Will going live replace live concerts? - Industry insiders say it’s highly unlikely
As the COVOID-19 virus continues to spread throughout the world, the face of live entertainment as we knew it has been altered. In a matter of weeks, major music festivals and concerts across the world have either been postponed or cancelled. Now left without a stage to showcase their talent, artistes and musicians have had to turn to social media to stay connected with their fan base. Instagram and Facebook live concerts have increased significantly as entertainers use the popular streaming platforms to keep the industry’s wheels turning. Already, artistes such as D’Angel, Agent Sasco, Christopher Martin, and Kevin Downswell have had full-on concerts from the comfort of their homes. With the pandemic expected to last for months, The Sunday Gleaner asked some industry insiders if this could be the beginning of the end of live concerts or would things normalise once it is safe to congregate once more.
In her assessment, experienced singer Tanya Stephens said that there is no denying how much the coronavirus outbreak has shaken the industry. She explained that as a result of an increased online presence, the entertainment industry has evolved. For her, this may be the start of a welcome expansion, but as a seasoned performer, Stephens says she believes that the live-entertainment scene has to recuperate.
BROADENING THE SCOPE
“Life is about change, and I definitely see this broadening the entertainment scope to include more live sessions on social media than we were used to, but the physical part of the industry has to bounce back. It has no choice,” she said. “Live sessions on social media is not going to replace an actual LIVE show, at least not just yet. Maybe sometime in the future it will, but I don’t see that happening right this moment. You know why? Nothing beats direct physical contact. Everybody is going live, and it’s offering people a lifeline in these times when we are restricted to our homes, but social media isn’t very social. It’s a virtual reality. It’s not ‘real’ in the very essence of the word.
“There are certain nuances you get when you stand up in front of somebody that you can never get through a WhatsApp text, you just can’t. Nothing can ever replace the energy exchange between an artiste and his or her audience in a live-show setting,” she continued. “We are human beings, and we thrive on physical interaction. We make adjustments to help us cope when we cannot, but as soon as we are able to, we want to have that physical connection again. I don’t see live concerts going anywhere anytime soon.”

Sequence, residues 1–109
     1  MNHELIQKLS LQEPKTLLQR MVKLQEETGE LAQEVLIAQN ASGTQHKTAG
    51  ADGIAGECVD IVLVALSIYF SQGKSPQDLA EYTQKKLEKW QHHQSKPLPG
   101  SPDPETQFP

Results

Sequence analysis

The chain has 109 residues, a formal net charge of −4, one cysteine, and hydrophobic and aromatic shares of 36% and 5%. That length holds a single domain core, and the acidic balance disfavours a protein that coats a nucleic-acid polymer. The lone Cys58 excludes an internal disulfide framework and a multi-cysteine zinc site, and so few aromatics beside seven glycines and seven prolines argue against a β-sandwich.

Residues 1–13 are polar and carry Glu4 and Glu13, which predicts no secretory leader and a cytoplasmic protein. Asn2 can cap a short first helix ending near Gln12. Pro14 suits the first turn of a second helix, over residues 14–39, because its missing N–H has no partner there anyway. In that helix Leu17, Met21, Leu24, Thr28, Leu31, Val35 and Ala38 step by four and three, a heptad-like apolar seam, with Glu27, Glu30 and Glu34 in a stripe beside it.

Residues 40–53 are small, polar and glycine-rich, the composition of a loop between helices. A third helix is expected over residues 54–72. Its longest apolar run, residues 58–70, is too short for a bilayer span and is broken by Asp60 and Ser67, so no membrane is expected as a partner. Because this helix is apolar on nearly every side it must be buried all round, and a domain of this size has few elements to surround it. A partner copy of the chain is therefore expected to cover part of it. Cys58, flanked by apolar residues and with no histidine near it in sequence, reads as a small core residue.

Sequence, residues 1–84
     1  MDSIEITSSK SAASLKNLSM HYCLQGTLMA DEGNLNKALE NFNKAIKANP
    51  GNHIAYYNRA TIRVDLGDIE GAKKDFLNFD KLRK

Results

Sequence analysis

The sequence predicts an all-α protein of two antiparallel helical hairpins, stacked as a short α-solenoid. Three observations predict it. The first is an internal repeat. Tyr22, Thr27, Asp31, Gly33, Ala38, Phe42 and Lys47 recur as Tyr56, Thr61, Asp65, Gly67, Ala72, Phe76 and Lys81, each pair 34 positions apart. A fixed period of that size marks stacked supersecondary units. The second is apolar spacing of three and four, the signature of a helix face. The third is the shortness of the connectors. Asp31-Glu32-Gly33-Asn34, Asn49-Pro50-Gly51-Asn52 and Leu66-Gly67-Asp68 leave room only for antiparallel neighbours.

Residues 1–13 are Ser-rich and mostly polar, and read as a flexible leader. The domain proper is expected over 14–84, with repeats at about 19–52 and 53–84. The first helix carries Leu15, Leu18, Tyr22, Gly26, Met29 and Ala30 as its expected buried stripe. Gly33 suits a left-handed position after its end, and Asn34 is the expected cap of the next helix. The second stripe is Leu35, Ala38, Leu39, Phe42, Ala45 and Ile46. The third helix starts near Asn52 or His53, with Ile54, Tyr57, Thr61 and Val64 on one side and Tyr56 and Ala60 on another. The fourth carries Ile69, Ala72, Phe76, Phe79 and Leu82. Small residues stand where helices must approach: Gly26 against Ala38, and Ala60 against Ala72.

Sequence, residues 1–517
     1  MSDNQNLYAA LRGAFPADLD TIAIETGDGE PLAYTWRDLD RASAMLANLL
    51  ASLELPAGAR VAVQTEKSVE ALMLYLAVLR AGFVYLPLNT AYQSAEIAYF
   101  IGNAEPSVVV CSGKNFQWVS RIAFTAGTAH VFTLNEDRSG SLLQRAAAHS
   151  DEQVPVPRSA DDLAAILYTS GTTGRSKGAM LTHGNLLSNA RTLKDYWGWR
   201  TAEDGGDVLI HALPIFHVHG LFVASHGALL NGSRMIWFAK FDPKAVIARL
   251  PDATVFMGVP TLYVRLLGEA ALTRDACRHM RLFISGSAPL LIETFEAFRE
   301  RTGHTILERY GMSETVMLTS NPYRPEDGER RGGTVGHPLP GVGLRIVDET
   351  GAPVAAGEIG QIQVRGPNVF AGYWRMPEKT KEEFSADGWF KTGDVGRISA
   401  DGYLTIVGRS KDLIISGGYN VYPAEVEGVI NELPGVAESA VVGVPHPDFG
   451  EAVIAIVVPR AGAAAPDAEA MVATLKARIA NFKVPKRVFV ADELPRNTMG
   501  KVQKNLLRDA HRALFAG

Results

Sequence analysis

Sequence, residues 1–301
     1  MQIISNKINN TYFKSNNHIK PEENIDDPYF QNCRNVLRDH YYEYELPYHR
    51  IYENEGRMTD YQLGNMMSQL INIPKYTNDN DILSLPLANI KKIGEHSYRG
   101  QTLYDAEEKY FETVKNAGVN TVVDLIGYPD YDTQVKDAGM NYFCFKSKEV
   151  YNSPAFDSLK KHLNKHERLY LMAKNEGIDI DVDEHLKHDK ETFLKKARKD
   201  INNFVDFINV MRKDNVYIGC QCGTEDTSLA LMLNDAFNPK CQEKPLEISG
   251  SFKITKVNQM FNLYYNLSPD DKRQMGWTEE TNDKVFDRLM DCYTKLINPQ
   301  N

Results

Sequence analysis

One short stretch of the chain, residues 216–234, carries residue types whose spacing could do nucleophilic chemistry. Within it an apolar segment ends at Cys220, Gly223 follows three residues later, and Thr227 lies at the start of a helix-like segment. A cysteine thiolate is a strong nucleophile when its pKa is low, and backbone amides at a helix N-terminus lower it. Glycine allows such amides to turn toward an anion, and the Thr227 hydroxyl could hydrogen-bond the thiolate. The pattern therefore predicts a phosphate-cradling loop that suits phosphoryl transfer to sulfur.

LONGED FOR SPECIAL CONNECTION
Reggae artiste Christopher Martin shared similar sentiments recently when he said that even after hosting a concert under 10,000 watchful eyes from across the globe, he still longed for that special connection that only comes from a live show. ““It felt great, knowing that the people were into it, but nothing beats a live show in front of people you can actually see, touch, interact with and feed off their energy right then and there. With all my heart, it’s something I’ve loved (performing on stage) and a place I feel free and confident,” he said. “It’s (the stage) like a girlfriend I haven’t seen in a long time. I can’t wait for us to link up again.”
Marketing and public relations guru Tara Playfair-Scott told The Sunday Gleaner that while partying from the comfort of one’s home has become an idea many have warmed to, online will never replace the feeling one gets from a live event.
“I think the industry and the world itself has made a tremendous shift. We have seen with things like Club Quarantine with DJ D-NICE, Quarantine Radio with Torey Lanez, online concerts from John Legend, Battle of The Beats put on by Swizz & Timbaland, that we can be fully entertained in our own homes. We can ‘party hop’ from the comfort of our couches, no designated driver necessary, and no worry about parking. You can go from Coppershot Vibes Pon di Live to UberSoca LIVE and wake up and hit Zimi Live. But we still need human interaction,” she said. “There’s no feeling like hearing music LIVE and in person. That joy of dancing with your other half or your crew when your favourite song comes on and being front-of-stage to watch your artistes perform. In my opinion, the online aspect can’t ever truly replace that.”